Charity voices concern over NHS England’s refusal to fund anti-TNF treatments


The Royal National Institute of Blind People has revealed that patients in England with severe refractory uveitis will now have to go to Scotland or Wales to get appropriate treatment as NHS England as refused to fund anti-TNF treatments (Humira and Remicade).

According to the charity this refusal only applied to England as treatment is available in Scotland and Wales. The charity further said that no new patients can access these treatments except for those who are already on anti-TNFs for this condition.

Uveitis is swelling of the middle layer of the eye, called the uvea or uveal tract and it can lead to loss of peripheral and central vision, or cause blurred or cloudy vision. In severe cases, the patient can suffer from loss of sight.

The drugs can cost up to £10,000 a year if bought privately, but NHS England has said that patients do have the option to go for the individual funding request (IFR) route. However, the patient must be significantly different from others with refractory uveitis, for example, they would need another condition (comorbidity). The severity of refractory uveitis on its own will not be enough to qualify.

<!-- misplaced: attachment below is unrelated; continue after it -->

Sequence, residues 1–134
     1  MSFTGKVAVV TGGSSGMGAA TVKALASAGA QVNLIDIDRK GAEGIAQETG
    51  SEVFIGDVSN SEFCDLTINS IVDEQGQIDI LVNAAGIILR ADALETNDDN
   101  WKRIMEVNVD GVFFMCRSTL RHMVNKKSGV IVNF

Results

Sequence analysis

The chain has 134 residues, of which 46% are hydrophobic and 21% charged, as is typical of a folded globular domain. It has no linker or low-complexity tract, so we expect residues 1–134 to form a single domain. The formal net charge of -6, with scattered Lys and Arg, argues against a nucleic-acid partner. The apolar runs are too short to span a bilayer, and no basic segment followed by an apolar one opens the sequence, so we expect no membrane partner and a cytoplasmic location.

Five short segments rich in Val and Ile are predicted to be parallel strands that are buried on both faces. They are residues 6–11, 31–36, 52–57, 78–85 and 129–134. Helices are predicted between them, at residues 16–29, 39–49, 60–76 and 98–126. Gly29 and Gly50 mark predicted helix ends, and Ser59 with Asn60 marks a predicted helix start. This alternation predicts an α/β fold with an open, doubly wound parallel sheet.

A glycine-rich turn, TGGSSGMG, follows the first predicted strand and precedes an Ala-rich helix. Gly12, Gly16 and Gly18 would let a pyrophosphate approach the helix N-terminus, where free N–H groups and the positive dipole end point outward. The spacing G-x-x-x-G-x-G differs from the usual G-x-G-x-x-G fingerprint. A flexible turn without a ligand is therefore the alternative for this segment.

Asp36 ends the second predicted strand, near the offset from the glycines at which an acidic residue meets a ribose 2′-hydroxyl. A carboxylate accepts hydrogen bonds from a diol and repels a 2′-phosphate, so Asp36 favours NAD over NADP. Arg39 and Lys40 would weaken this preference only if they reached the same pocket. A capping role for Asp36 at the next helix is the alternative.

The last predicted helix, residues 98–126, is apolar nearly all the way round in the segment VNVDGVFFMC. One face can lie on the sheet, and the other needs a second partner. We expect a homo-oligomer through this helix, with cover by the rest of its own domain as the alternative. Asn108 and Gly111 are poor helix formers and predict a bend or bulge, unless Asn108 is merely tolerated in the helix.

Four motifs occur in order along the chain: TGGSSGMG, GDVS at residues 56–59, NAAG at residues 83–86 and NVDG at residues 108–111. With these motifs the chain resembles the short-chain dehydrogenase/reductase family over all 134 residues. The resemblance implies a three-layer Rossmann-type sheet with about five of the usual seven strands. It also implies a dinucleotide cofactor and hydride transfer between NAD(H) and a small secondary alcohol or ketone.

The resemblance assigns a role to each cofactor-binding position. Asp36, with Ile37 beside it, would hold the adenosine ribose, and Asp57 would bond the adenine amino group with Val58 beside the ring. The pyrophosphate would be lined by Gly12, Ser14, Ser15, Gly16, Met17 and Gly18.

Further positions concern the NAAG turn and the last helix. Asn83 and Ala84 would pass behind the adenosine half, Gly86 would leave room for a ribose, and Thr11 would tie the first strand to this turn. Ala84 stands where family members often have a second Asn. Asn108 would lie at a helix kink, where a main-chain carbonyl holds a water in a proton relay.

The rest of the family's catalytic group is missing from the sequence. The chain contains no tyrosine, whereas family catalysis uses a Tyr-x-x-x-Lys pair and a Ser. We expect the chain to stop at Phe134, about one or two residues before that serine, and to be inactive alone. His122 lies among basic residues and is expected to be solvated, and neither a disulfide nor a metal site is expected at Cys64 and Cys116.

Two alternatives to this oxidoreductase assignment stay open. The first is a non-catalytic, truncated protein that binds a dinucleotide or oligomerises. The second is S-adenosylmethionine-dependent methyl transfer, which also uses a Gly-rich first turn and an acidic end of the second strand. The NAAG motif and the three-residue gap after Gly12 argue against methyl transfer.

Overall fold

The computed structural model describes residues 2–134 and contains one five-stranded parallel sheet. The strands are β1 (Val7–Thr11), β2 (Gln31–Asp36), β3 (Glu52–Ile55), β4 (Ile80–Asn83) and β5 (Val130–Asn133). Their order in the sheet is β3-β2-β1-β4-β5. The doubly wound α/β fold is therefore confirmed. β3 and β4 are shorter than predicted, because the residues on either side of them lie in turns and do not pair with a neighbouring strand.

Representative of leading eye doctors in the UK – The Royal College of Ophthalmologists – says that it was ‘deeply concerned’ by the situation as the decision means that England is ‘now one of the few countries in the world that does not use anti-TNF treatments for uveitis.’

Maria Dawson, the RNIB’s Eye Health Campaigns Officer said that NHS England’s decision is ‘totally unacceptable’. The charity are considering legal action over NHS England’s decision not to recommend use of drug Humira and Remicade.